No one likes paperwork
One of the major headaches with downstream partners is gathering, organising, and reconciling the delivery confirmation paperwork. This alone can take up a considerable amount of resources, runs the risk of human error, and delays time to arrange payments.
Perhaps even worse, if your subcontractors are sending you confirmations via email, the danger is they get lost among the barrage of emails that many of us encounter every day.
Working with downstream partners often comes with a lack of visibility over ETAs, and worse still, a lack of visibility over missed commitment times.
To put it bluntly, if the first thing you hear about a delivery window being missed is a phone call from the end consumer, a lot of things have been missed, for example:
- No visibility over the potential for lateness from driver to dispatcher
- No advance warning to the customer from the subcontractor
- No communication of potential for missed commit time to upstream partner
- No ability to be proactive in managing customer experience
The potential for damage to your brand is huge, and your competition is always lurking in the shadows to snap up disgruntled ex-customers.
He said she said.
To follow on from the point above, it can be very hard (without the right tech stack) to understand what exactly happens when deliveries go awry. Just getting to the bottom of the issues that arise can take up valuable time and resources.
Why do we need downstream partners?
Maybe you don’t. Maybe you’re in the fantastic position where the abs and flow of demand for your business is predictable enough that your owned fleet is always sufficient during your busiest periods, but never a burden during your quietest. If that is the case, you can feel pretty good about yourself, that is genuinely impressive.
Most businesses are not so fortunate, with unpredictable spikes in a business requiring the quick orchestration of downstream partners to handle the additional volume. Most logistics companies have been in this position at one time or another (and many every month), so it follows that any company would want the best out of those engagements, for them and for their customers. Ideally from a customer experience standpoint, there should be no palpable difference between when your owned fleet delivers and when a subcontractor delivers.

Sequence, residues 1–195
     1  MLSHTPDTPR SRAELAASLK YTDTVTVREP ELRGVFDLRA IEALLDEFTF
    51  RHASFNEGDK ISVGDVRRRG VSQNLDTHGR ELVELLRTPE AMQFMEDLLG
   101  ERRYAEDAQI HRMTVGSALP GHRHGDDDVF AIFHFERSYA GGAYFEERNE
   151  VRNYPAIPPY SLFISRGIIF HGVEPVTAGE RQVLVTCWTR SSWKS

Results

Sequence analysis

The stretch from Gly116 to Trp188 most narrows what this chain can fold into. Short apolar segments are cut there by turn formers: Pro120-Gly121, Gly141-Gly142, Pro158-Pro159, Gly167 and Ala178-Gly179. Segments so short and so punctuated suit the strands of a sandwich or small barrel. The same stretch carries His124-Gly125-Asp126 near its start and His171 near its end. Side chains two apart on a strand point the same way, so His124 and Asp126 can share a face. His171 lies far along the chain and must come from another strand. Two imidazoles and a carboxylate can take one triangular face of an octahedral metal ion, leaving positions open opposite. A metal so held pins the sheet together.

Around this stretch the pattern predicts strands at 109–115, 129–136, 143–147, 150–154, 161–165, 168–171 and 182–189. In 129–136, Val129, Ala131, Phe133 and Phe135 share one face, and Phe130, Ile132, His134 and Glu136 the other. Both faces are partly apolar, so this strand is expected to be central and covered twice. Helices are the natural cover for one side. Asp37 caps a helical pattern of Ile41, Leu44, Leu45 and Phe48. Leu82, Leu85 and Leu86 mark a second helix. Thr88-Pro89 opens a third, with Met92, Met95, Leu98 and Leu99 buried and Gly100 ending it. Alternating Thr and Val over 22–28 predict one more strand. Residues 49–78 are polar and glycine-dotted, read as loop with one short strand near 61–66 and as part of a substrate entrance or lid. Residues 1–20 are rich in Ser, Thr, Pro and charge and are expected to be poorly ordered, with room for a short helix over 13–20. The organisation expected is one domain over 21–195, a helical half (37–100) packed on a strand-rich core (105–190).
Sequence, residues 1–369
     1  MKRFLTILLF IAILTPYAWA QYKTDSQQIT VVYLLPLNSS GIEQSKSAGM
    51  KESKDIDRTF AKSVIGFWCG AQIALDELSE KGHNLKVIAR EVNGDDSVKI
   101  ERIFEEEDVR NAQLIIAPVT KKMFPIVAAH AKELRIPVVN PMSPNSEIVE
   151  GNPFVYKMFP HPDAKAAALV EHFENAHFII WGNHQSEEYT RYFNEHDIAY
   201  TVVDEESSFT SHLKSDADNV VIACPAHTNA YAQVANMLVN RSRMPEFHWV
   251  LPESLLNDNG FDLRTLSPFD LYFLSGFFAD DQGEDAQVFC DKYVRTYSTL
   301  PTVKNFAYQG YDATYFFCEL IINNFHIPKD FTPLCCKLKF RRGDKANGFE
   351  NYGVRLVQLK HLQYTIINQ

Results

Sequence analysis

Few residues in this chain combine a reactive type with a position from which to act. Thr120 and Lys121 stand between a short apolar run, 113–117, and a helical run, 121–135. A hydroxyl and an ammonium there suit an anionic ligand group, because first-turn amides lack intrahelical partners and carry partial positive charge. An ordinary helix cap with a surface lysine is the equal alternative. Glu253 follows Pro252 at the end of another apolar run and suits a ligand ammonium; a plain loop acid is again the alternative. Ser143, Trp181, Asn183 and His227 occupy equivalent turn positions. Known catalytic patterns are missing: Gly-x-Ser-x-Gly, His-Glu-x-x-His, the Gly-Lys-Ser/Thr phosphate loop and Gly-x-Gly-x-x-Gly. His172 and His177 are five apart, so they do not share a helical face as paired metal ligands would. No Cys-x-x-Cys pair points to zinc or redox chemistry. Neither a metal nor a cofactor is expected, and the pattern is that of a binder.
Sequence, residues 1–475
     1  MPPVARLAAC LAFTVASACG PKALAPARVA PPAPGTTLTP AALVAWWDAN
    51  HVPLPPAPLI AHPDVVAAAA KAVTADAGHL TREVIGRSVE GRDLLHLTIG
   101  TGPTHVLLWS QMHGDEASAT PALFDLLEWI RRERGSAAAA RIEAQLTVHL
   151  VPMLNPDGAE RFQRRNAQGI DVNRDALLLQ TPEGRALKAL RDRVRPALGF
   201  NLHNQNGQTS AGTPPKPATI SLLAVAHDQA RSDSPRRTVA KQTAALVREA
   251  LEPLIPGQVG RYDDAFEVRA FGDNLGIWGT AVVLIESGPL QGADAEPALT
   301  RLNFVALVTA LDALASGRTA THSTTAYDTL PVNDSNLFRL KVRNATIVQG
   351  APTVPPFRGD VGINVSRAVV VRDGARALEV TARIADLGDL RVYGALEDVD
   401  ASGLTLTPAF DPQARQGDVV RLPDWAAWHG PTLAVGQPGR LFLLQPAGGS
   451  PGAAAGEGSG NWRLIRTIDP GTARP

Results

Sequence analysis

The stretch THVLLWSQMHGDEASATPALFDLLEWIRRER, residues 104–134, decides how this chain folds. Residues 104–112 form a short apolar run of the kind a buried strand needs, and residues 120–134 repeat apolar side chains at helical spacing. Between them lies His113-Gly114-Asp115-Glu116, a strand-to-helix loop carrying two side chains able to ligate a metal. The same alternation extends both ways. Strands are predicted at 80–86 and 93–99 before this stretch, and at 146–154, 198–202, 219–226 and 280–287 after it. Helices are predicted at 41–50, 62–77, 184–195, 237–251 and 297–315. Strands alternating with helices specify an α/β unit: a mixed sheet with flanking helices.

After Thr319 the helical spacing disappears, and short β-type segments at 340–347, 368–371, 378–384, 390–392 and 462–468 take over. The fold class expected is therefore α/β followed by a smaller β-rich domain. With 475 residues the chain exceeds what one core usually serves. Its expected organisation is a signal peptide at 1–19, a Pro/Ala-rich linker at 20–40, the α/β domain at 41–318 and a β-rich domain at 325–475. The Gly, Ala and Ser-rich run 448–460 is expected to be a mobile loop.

Command and Conquer
There is also a much more proactive reason why a company would use subcontractors, and that is to aid expansion.
When logistics companies are expanding to new territories it can be very hard to predict demand. Without being able to predict demand it is very risky to invest in a large fleet. Instead, companies set up sales and marketing arms in a new area and subcontract business until they can meaningfully predict demand.
Here perhaps more than ever, ensuring that your downstream partners can deliver the same level of service as your owned fleets in other areas is key to establishing your brand value in a new region. It is essential that you make as many good first impressions as possible, and fluid communication with your subcontractors is the best way to ensure that this happens.
Warning, nutshell arriving
Maintaining visibility on your downstream partners can add value to your business whether you are bringing them on to manage seasonal spikes in volume, or if you are expanding to a new region.
As Peter Drucker famously said, “if you can’t measure it, you can’t manage it”, and the same holds true for your fleet, and you subcontractors.
Being able to stay ahead of what is happening in the field can mean the difference between catching an issue early, and delivering a great customer experience by fixing things before they happen (or at least managing expectations and showing you care) and losing a customer forever.